back to article Payment-card-skimming Magecart strikes again: Zero out of five for infecting e-retail sites

The payment-card-skimming malware operation dubbed Magecart has turned up again, this time in Shopper Approved, a customer rating plugin for websites. Shopper Approved is a toolkit used by hundreds of e-commerce sites, and it was infected with the MageCart spyware, allowing crooks to siphon off bank card data entered into …

  1. Doctor Syntax Silver badge

    "The security of our systems and customers is a top priority for Shopper Approved"

    So how do you square that with what happened?

    Also, let's remember that the punters who got their cards skimmed aren't their customers, just their customers' customers.

  2. Anonymous Coward
    Anonymous Coward

    Same Old

    Look at the culture/issues outlined here: https://www.telegraph.co.uk/technology/2018/10/08/banks-face-continued-woes-legacy-infrastructure-holds/

    These are the same issues common issues repeated. Stick in something that works, forget about it, implement a new way to interface or develop insight/revenue. Then forget the whole, and realise its all broken. Resulting in impacts to revenue or customer data.

  3. Halcin

    Begs the question why do companies think it's necessary to use third party scripts that have no direct relevance to collecting CC details?

    1. Warm Braw Silver badge

      Because having all the analytics and "engagement" is more important to them than the security of the payment. And, of course, their web designers are bereft without their beloved frameworks.

      Auditors generally give a free pass to shopping sites that have a fully-hosted payment page (i.e. it's on a third party site belonging to the payment processor), but they have also, I understand, sometimes extended the same licence to any page where the hosted payment page is included in an IFRAME within the retailers own site where, of course, misbehaving scripts would pretty much have free rein. So even the compliance controls seem to have been lax.

      1. Nosbod

        Cross origin iframe's are restricted

        Scripts trying to access a frame's content are subject to the same-origin policy, and cannot access most of the properties in the other window object if it was loaded from a different domain. This also applies to a script inside a frame trying to access its parent window.

        https://developer.mozilla.org/en-US/docs/Web/HTML/Element/iframe#Scripting

        1. Warm Braw Silver badge

          Re: Cross origin iframe's are restricted

          They are. But there's nothing stopping script in the outer window replacing the IFRAME with an inline form mimicking the hosted payment form and submitting it to the payment processor after capturing the details, or changing the URL of the IFRAME to a proxy server somewhere that captures the submitted details, or a range of other things...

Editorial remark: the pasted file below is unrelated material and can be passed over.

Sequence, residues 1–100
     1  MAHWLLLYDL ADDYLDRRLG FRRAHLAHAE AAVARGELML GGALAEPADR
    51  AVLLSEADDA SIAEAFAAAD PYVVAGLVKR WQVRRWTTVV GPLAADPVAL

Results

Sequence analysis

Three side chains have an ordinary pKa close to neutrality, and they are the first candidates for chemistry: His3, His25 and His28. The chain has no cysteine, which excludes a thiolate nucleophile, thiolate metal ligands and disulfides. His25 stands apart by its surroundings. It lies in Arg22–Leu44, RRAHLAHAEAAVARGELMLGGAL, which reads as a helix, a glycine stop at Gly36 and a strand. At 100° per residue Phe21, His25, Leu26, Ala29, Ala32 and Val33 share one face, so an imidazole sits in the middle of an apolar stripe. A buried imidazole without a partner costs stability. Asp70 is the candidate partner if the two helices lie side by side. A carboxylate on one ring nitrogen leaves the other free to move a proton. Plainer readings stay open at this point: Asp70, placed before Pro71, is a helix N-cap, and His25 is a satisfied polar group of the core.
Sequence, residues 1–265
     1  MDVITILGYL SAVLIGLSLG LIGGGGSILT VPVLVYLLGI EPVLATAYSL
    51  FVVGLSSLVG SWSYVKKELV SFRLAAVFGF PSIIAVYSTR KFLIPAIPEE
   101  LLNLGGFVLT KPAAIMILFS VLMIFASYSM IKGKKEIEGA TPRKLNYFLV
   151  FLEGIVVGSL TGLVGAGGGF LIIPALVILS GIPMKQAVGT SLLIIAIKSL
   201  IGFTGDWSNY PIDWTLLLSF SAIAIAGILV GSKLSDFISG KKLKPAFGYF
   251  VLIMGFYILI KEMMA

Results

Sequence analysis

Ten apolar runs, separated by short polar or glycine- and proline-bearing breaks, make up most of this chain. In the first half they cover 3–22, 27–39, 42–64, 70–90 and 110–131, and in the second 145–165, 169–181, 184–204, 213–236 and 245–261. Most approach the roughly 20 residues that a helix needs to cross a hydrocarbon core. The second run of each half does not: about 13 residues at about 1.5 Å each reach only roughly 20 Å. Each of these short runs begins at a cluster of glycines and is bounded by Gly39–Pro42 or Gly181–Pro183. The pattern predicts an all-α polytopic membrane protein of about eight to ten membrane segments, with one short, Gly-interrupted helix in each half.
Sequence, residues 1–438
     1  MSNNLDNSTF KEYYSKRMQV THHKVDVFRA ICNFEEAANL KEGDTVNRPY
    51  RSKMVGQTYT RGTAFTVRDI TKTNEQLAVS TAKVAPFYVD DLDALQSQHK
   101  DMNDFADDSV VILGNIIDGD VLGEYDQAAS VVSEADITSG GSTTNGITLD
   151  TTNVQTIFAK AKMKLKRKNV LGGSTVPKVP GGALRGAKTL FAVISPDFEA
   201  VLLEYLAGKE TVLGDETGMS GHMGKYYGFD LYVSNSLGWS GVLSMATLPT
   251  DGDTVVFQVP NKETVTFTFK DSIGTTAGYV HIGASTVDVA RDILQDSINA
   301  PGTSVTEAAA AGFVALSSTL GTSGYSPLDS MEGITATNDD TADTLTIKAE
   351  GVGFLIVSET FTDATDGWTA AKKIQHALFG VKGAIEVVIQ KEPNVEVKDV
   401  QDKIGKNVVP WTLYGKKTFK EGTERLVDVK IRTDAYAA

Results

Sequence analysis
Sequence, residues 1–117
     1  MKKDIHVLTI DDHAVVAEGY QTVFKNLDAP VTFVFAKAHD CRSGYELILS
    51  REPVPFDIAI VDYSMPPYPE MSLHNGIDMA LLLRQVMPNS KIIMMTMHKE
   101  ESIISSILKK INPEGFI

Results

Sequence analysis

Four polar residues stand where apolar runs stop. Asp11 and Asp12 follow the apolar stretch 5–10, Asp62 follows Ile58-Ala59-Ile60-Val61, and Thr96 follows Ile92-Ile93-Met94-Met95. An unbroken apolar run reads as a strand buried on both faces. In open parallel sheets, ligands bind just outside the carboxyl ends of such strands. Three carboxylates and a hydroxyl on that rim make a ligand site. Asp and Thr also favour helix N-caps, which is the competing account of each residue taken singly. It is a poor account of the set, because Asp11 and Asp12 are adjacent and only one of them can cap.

4. heyrick Silver badge

    Shopper approved?

    "a small portion of our customers that use the Shopper Approved seal on their website"

    What this says to me, more than anything, is to avoid any sites with a "shopper approved" seal. It's one thing auditing an online shopping process and saying "we approve", it's an entirely different thing doing so and in the process requiring that shop to run their scripts that are not only unnecessary but exist purely for siphoning off data - maybe the original aim was to collect usage stats and such, but clearly Crims have shown exactly what can be done with a little bit of extra code.

    Shopper Approved and any site using it now go on the mental blacklist... (this shopper does not approve)

  5. EnviableOne Silver badge

    Magecart - not one group

    This code is everywhere

    its not just one codeset being exploited its a whole load.

    https://doublepulsar.com/magecart-new-tactics-leading-to-massive-unreported-fraud-5211c9883dea

    The IOCs on this are never ending

  6. psale

    Brute Force access

    I have been brought in by many companies to remove and clean up after Magecart and its variants.

    Often the simplest way the hackers get backend access, is via brute force attacks against publicly exposed login pages, and or other unsecured login endpoints (Magento has a few of these for some unknown reason).

    That combined with poor / no password policy or basic IT security training for backend staff is very often to blame.

    Also i've noticed in the newer variants of Magecart, the bad guys also insert a database trigger that re-inserts the malware back into the database as soon as its been removed from the various tables. This is not getting reported on for some reason but i'm seeing this more and more.

  7. psale

    And another big problem

    As part of my daily work & research I often find hacked magento websites containing magecart and other malware.

    I always send the store a personalised email warning them they have been hacked and letting them know of the severity. I.e. your customers bank details are being stolen from your website!!!!

    I then send various follow up emails and even take the time to warn them via a "Live Chat" box if they have one.

    I tell them i can provide FREE step by step removal instructions if they contact me back, i would estimate about 20% of stores reply, the other 80% are still infected several weeks later.

    Honestly many of these store owners simply do not care, or bury their heads in the sand and hope the problem will go away.

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